TC Company Reforming Michigan Prison Populace
TRAVERSE CITY – A Traverse City consulting firm is quietly playing an instrumental role in reducing Michigan's prison population by 15 percent, enabling the cash-strapped state to close some 20 prison facilities.
"This is one of the most dramatic accomplishments in the history of corrections in the United States," says Dave Wells, CEO and founder of TC's Northpointe Institute for Public Management. "That's a big deal. We are taking these successes to other states, and it is very gratifying to help other states save money while actually improving public safety."
Founded in 1994, Northpointe serves more than 200 corrections-related clients across the country, including agencies in 55 of Michigan's 83 counties. In addition, the Michigan Department of Corrections utilizes Northpointe's COMPAS software in all prisons, parole and probation facilities and offices.
"Dr. Tim Brennan [one of Northpointe's principals] and I had been working in Michigan and elsewhere since 1989 on jail population crowding analyses, local criminal justice system planning, and inmate management strategies," says Wells. "We realized that criminal justice decision makers needed better tools to promote more efficient and cost-effective offender management. Northpointe was formed to build upon that early work. Our focus was on the research and development of software tools, technologies and practices that better inform criminal justice decision making."
Prior to founding Northpointe, Wells worked for several years with the Northwest Michigan Council of Governments Criminal Justice Division in Traverse City. From the mid-1990s through 2007, he was under contract with the agency as the project manager for the seven-county region (consisting of Benzie, Manistee, Emmet, Charlevoix, Kalkaska, Wexford and Missaukee) administering Michigan's Community Corrections Act programs and services.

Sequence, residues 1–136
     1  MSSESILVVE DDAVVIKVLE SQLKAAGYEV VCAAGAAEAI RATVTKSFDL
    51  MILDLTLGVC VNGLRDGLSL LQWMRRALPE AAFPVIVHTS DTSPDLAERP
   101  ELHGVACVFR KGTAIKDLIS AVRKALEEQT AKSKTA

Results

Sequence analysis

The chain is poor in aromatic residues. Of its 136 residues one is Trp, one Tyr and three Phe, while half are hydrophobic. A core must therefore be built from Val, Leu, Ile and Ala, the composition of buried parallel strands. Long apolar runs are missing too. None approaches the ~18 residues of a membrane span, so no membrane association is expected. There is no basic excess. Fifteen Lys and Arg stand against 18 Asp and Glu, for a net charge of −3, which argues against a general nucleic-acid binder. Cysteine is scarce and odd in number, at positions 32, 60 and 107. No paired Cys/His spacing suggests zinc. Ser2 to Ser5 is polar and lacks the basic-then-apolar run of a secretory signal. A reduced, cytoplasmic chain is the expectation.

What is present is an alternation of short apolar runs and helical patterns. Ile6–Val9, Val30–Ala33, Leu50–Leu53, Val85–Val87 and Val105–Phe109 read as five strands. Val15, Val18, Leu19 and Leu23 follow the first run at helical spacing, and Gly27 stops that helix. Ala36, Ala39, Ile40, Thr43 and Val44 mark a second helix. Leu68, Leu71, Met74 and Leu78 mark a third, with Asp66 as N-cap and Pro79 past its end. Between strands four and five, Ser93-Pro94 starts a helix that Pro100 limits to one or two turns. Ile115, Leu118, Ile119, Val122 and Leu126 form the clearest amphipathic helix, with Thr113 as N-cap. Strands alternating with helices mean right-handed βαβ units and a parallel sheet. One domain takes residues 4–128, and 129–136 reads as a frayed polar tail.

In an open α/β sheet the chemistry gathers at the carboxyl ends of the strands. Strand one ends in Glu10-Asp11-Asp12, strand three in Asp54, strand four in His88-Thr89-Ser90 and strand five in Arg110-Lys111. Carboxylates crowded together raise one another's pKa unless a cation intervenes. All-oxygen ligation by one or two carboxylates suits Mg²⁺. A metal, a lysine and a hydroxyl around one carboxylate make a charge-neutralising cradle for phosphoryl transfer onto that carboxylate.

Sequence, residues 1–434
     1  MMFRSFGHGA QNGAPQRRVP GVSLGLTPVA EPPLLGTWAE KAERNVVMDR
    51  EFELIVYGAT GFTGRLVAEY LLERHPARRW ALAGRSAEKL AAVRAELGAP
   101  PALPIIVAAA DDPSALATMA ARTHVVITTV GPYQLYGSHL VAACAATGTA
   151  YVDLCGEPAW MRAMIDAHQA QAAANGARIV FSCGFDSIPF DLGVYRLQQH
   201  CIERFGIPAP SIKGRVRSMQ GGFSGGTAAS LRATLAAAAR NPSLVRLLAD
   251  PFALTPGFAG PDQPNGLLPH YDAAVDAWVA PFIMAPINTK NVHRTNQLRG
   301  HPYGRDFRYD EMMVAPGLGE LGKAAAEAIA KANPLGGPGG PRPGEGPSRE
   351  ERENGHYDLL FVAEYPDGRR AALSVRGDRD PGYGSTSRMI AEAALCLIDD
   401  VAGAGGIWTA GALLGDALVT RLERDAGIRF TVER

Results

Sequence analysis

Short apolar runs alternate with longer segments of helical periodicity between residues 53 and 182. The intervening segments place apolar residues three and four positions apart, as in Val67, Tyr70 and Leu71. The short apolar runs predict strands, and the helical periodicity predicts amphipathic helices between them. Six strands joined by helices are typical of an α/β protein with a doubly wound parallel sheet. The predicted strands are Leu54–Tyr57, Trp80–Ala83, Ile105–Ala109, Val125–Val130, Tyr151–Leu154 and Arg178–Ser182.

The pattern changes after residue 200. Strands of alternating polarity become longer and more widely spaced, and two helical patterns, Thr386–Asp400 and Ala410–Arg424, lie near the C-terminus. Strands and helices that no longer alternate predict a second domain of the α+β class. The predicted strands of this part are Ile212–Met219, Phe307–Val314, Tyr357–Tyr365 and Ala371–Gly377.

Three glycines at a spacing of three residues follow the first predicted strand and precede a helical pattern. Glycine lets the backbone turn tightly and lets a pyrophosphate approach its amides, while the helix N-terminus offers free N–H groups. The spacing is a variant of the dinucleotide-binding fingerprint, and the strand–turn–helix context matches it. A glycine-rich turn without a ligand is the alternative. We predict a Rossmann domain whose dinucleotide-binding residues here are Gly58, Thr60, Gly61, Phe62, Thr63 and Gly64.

"Traverse City is a great place to live," says Wells. "And starting the business here made sense because of the quality of life and because we could attract a talented group of service and technology professionals from the area and state."
As the firm's consulting business expanded across the country, it established a western headquarters in Golden, Colorado, just outside Denver.
Northpointe offers experience in the science, practice and policy of criminal justice. The company helps criminal justice agencies make decisions that increase public safety while making the best use of taxpayer dollars.
An example: The company has developed a number of technology and software products, such as COMPAS. Agencies use these tools to assess the public safety risks posed by offenders entering the criminal justice system. As corrections professionals complete intake interviews with offenders, the systems compare the information against the cases of other offenders with similar characteristics. The systems then make recommendations about managing that offender based on what has been most successful in similar cases.
For example, the systems may provide information about risk classification and needed treatment during incarceration (i.e., which prisoners can safely be housed together and under what level of security, which prisoners require mental health care, etc.). As offenders exit the criminal justice system, the technology helps professionals develop case plans to ensure exiting prisoners get services they need to increase the likelihood that they will establish successful lives after incarceration, rather than re-offending.
Northpointe systems specifically address the general population, as well as women and juveniles. Research shows that women and juveniles have different risk profiles and treatment needs. The technology offers a scientific, research-based foundation for decision-making.
The company also provides planning and consulting services, including helping agencies develop effective performance measures, reduce costs in ways that don't compromise safety, and structure operations in ways that have proved most effective throughout the country. The company also provides training and implementation support to clients that adopt Northpointe's technology.